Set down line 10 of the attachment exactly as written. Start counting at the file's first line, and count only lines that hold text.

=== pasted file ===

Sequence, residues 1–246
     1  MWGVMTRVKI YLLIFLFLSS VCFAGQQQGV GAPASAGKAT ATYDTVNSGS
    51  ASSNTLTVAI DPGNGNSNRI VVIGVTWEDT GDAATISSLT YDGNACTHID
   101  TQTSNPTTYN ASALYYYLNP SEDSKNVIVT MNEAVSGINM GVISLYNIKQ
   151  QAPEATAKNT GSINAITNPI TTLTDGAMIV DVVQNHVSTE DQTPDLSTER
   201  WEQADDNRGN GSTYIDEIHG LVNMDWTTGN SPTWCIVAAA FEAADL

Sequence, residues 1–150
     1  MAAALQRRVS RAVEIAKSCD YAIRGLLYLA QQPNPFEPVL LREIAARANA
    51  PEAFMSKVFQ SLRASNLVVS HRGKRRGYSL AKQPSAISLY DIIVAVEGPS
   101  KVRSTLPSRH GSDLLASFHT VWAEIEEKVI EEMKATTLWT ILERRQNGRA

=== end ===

   101  KVRSTLPSRH GSDLLASFHT VWAEIEEKVI EEMKATTLWT ILERRQNGRA